Prior to this activity, students need to have some form of written reflections, perhaps looking back at prior writing instruction, looking ahead and setting personal goals for themselves for this course, or otherwise considering their strengths and needs as writers. For this activity, they practice the act of remediation by translating their reflections into the visual mode.


To practice the process of multimodal premediation; to begin to comprehend what ideas best translate from a written medium to a photographic one; to begin framing and crafting photographs of your own; to edit a photo in LightroomClassic and begin to explore the program so you can use it deftly later in the semester.

Key Terms

multimodality, photographs, self-assessment, remediation, metacognition


Part of the WR 152 emphasis on digital/multimodal expression will be fostering our abilities to transfer ideas and present them in a different medium other than writing (text). This idea is called “remediation,” quite literally, “re-medium[ing]” ideas. To understand the scope and importance of remediation, think about how different media presentations can persuade specific demographics, and how pictures and words together can sometimes elicit a more intense emotional response than either on their own.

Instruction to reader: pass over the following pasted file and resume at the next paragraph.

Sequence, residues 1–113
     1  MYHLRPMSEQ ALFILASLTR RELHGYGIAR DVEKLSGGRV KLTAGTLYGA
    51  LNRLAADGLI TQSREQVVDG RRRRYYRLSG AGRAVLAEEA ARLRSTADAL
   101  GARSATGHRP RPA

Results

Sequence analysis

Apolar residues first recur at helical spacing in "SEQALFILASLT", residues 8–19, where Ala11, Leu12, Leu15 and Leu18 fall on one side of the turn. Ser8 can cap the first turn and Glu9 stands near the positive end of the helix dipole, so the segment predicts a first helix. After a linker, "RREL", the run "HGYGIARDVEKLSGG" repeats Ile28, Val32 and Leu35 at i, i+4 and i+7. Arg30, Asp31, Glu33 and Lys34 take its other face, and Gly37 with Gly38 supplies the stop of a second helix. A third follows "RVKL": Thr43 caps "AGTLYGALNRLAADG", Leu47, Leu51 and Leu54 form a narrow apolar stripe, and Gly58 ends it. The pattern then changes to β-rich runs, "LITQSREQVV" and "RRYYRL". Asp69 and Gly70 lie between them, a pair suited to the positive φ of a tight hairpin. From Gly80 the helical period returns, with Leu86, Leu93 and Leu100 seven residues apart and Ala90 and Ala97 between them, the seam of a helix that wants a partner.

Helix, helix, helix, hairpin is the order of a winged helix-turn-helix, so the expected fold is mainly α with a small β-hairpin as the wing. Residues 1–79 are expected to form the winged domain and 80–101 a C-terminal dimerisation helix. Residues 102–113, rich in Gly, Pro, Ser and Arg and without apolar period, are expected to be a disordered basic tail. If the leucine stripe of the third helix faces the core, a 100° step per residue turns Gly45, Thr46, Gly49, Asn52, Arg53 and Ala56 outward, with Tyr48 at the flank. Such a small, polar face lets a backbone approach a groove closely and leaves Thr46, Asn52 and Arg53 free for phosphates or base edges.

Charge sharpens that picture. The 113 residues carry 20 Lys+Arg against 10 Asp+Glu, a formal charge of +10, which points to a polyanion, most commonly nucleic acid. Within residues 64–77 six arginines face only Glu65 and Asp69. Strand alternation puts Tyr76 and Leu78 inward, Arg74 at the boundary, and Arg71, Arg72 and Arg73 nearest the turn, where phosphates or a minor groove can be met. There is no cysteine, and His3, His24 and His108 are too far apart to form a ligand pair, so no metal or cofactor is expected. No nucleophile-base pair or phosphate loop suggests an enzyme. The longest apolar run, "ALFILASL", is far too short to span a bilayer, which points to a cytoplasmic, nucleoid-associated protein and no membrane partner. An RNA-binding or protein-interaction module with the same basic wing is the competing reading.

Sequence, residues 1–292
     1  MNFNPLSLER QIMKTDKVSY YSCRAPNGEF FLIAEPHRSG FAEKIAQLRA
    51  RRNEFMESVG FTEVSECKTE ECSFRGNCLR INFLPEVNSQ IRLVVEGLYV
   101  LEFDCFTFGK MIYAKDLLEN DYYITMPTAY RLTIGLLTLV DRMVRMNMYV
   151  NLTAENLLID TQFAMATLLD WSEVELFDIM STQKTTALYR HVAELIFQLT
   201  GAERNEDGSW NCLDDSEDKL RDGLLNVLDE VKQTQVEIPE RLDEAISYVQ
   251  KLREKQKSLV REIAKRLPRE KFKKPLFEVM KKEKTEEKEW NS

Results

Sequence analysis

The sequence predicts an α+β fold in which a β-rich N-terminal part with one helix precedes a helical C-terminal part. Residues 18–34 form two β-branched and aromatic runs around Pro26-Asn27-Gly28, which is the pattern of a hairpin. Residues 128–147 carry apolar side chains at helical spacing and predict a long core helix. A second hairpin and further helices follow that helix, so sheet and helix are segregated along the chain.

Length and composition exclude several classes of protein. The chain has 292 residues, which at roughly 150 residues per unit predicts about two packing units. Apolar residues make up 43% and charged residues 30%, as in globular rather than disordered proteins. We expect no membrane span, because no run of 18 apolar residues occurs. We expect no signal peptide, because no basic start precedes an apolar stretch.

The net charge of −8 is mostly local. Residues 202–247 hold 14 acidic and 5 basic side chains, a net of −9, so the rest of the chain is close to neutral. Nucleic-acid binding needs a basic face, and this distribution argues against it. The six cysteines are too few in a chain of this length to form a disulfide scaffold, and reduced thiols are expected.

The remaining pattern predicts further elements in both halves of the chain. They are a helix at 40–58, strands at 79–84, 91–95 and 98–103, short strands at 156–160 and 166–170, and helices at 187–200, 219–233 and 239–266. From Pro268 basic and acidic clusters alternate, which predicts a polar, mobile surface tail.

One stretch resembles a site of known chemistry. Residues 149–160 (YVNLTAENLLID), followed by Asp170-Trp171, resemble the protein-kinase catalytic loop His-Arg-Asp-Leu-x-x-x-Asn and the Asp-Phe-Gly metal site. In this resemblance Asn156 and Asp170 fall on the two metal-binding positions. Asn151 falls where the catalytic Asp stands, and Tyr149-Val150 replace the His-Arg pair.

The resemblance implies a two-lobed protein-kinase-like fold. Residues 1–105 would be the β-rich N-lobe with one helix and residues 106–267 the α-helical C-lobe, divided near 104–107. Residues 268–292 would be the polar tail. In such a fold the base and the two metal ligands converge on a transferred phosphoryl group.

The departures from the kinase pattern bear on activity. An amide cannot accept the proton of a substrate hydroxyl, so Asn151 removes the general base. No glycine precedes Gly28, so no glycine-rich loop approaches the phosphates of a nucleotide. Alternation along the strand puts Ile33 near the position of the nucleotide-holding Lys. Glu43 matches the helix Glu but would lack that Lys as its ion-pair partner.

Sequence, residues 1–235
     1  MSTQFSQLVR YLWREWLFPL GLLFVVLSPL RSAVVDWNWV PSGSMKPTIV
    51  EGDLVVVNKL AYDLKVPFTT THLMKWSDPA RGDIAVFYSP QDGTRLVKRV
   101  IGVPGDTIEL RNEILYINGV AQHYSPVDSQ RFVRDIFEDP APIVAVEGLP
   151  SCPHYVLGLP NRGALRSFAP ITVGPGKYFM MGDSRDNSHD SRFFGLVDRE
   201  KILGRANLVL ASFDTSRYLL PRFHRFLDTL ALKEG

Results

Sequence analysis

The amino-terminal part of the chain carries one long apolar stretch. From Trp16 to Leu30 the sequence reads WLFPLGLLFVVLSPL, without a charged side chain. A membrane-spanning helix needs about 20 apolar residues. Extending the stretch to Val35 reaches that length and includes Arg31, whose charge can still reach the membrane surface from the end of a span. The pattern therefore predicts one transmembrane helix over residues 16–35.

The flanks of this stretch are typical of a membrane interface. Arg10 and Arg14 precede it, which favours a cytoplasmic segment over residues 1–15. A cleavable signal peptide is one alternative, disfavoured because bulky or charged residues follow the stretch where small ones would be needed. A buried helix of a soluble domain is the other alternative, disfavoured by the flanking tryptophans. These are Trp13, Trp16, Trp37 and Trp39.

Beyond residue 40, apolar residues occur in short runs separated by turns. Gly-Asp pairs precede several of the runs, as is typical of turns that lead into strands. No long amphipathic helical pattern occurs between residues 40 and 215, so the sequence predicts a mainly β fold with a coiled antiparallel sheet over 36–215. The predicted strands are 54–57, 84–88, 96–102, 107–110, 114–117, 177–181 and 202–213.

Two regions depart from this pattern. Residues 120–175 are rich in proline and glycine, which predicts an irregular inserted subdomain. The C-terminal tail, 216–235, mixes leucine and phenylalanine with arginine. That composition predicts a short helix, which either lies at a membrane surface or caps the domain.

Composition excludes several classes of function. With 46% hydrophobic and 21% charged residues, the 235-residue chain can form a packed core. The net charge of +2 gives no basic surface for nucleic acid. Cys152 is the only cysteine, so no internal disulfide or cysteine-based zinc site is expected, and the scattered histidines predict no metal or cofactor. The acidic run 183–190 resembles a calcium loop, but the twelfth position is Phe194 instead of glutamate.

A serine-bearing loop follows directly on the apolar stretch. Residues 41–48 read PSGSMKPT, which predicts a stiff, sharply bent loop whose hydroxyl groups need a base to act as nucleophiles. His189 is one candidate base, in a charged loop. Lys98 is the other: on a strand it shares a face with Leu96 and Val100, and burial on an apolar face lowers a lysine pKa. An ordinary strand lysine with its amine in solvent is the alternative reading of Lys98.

1. Use one or two photographs to reframe some key ideas from your written reflections.
  2. Try to select a few crucial ideas, from your learning style to your needing improvement, and visualize them into a photograph. You may edit the photograph and add text onto it if you wish.
  3. Provide a 2-3 sentence caption giving the who, what, when, where, why, and significance o the photograph. Perhaps try to clarify the question, “What makes this a good remediation of my reflections?”
  4. Note that you will not be graded on your photographic ability, but on your critical thinking and creativity, as shown by how you remediate crucial ideas from your reflections. Your viewer should be able to ascertain the ideas from your photograph(s) without too much text.
  5. Remember that the best visual remediations tend not to rely on their accompanying text to clarify the significance of their image nor how their image is a successful representation of the written text. Ideally, we want our captions to buttress (support) the contents of our photos.
  6. Ask yourself if a viewer would reasonably be able to glean the significance you also explain in your caption.